The rapid growth of Berlin gave rise to the “Zweckverband Groß-Berlin” between Berlin and the neighboring cities and rural communities in 1912 as the first partial solution to the overarching municipal problems. The high proportion of industrial workers and the sometimes poor social conditions of the workers made Berlin, along with Cologne and Leipzig, the center of the German labor movement since the middle of the 19th century (F. LassalleA. BebelW. Liebknecht). In the Reichstag elections in 1877, the Social Democrats won two of the six constituencies Berlin, in 1912 they received 3 / 4of all votes cast. With the five-fold increase in the Jewish population between 1871 (36,000) and 1925 (173,000), Jewish life became an important part of the culture of the city that was emerging as a global metropolis, but anti-Jewish resentments also increased at the same time; As a result, Berlin became an early center of anti-Semitism in Germany (“Berlin Antisemitism Controversy” 1879/80, “Berlin Movement”).

In November 1918 Berlin was the center of revolutionary endeavors in Germany (November Revolution). On November 9th, 1918 P. Scheidemann (SPD) proclaimed the German republic from a window of the Reichstag. Berlin now became the capital of republican Germany and – after the adoption of the Weimar Constitution (1919) – among other things. Seat of the Reich President, the Reich Government and the Reichstag. With the entry into force of the Prussian-republican constitution, it was also the capital of the Free State of Prussia. By a Prussian state law of April 27, 1920, Berlin became a 4 million city on October 1, 1920 with eight cities (the original Berlin, Charlottenburg, Köpenick, Lichtenberg, Neukölln, Schöneberg, Spandau and Wilmersdorf) as well as 56 villages and 29 manor districts Greater Berlin (“Stadtgemeinde Berlin” with an area of ​​almost 880 km ²) united and decentrally divided into 20 administrative districts.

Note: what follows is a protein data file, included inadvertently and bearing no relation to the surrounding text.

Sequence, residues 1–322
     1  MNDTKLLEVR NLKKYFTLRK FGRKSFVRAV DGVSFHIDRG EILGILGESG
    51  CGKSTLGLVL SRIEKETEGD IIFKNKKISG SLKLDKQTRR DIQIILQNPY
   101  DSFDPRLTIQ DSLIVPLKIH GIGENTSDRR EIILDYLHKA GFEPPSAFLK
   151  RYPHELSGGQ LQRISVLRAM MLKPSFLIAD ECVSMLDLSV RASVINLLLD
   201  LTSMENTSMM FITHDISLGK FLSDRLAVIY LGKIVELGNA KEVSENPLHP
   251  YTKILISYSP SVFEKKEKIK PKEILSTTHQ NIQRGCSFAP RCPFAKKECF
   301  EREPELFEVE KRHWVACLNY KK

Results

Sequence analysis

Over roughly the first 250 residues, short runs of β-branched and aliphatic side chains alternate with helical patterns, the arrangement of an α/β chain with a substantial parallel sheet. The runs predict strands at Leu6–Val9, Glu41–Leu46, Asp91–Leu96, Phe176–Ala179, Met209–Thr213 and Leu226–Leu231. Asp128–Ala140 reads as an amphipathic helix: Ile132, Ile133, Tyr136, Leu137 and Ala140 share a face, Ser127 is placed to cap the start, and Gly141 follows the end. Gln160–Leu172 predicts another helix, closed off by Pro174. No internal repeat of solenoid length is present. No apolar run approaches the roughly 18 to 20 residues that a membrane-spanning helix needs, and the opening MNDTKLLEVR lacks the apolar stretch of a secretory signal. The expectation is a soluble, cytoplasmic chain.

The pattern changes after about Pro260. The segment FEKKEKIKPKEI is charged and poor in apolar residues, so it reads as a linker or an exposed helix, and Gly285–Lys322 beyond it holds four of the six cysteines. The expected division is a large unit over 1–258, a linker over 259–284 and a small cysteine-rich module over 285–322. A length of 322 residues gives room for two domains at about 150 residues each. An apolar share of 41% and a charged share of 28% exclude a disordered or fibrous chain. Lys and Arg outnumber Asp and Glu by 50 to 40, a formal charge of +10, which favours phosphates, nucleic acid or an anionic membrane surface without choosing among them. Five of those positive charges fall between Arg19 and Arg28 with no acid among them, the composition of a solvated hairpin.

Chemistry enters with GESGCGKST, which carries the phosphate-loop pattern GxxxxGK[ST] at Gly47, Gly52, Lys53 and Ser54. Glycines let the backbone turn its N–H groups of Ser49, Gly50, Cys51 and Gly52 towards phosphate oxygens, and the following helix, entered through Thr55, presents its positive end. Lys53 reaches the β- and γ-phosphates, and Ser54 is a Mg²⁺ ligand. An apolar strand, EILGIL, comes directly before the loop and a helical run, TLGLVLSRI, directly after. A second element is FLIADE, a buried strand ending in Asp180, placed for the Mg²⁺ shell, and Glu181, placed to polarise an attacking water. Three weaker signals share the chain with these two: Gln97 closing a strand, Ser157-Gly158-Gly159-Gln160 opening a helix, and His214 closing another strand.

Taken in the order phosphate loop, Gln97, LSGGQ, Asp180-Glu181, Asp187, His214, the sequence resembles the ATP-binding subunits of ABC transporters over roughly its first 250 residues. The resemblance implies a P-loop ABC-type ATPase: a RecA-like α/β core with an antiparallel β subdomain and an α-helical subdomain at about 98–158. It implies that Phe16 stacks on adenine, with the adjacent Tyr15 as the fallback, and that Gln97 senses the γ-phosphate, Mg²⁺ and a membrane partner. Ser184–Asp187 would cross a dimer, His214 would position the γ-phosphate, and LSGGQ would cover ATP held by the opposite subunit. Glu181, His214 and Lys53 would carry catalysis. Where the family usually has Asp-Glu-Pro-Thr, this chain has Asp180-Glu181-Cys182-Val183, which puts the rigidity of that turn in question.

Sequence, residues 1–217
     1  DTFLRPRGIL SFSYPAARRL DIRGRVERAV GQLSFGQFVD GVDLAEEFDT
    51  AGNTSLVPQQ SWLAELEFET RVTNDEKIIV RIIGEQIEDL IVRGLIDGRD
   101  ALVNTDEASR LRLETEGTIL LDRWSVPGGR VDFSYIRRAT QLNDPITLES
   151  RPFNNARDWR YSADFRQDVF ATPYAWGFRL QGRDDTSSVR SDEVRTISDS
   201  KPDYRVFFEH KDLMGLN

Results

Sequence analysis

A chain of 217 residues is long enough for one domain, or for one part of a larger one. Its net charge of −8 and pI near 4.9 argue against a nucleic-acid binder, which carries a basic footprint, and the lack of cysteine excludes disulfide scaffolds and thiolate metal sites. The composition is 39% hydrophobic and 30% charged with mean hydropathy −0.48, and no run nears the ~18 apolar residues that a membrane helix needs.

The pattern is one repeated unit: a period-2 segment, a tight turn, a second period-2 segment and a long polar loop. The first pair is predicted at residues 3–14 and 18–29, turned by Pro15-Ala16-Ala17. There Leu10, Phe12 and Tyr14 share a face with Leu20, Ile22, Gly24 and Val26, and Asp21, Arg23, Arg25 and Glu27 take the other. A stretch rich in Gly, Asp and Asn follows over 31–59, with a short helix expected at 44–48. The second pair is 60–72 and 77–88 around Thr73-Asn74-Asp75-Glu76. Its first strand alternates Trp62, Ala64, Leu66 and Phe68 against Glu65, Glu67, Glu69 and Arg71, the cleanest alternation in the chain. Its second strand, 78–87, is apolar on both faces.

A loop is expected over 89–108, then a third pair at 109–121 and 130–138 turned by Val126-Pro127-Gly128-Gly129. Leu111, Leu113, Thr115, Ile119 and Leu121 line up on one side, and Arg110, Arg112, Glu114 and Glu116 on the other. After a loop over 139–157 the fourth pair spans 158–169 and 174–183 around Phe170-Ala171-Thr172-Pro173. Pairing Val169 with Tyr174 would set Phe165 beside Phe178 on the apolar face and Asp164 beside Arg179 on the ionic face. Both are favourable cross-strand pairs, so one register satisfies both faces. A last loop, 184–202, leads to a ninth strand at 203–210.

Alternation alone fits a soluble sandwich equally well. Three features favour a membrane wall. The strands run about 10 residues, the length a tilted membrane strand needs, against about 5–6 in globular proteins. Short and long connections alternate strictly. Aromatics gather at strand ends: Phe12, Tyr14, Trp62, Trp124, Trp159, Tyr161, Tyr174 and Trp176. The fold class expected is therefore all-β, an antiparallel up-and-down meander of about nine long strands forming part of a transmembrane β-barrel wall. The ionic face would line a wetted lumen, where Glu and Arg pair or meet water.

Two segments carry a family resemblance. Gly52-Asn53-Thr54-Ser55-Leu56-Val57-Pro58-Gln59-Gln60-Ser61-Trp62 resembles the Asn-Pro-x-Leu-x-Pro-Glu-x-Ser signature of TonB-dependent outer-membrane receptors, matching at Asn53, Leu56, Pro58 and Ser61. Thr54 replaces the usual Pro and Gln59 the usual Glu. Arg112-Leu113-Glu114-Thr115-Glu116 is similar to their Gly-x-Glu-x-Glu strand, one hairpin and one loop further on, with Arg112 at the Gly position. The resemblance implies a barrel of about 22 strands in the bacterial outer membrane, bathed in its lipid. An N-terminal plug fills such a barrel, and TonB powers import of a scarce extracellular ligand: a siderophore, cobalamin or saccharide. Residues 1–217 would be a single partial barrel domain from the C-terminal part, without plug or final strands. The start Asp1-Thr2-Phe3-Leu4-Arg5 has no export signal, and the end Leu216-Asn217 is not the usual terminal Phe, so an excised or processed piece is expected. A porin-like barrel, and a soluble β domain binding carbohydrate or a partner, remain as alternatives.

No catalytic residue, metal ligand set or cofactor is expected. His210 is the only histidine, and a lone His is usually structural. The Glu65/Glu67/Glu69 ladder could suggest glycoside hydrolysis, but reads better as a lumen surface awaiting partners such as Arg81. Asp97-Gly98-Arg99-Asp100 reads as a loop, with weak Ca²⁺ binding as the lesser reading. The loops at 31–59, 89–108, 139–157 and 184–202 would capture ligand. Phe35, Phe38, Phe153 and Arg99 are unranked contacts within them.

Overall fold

The history of Berlin after the First World War reflects the social and political tensions in Germany: It was the scene of the Spartacus uprising (January 1919), the murder of R. Luxemburg and K. Liebknecht (January 15, 1919), and the Kapp putsch (March 1920), the murder of W. Rathenau (June 24, 1922) as well as powerful strikes and demonstrations (up to the strike of the Berlin transport company, November 1932). After 1918 the SPD had gained a strong position in the city council; however, during the Weimar Republic, the bourgeoisie provided the mayor, especially Gustav Böss (* 1873, † 1946; DDP, 1921-29). In addition to the KPD, the NSDAP in particular gained strength after 1928, without being able to exercise any decisive influence until 1933. The Great Depression brought unemployment and financial hardship (1930–32); there was fanatical street terror, especially between the SA and the Red Front Fighters League.

With its great cultural diversity, open-mindedness and charisma, Berlin gained the reputation of a cosmopolitan city in contrast to the political disputes; it became the focal point of the “Roaring Twenties” in Germany. On behalf of the city, loosened up large estates and inner-city green spaces were created; the building of rear buildings was forbidden in the 1925 building regulations. Potsdamer Platz became a modern metropolitan transport hub.

History of Berlin, Germany 2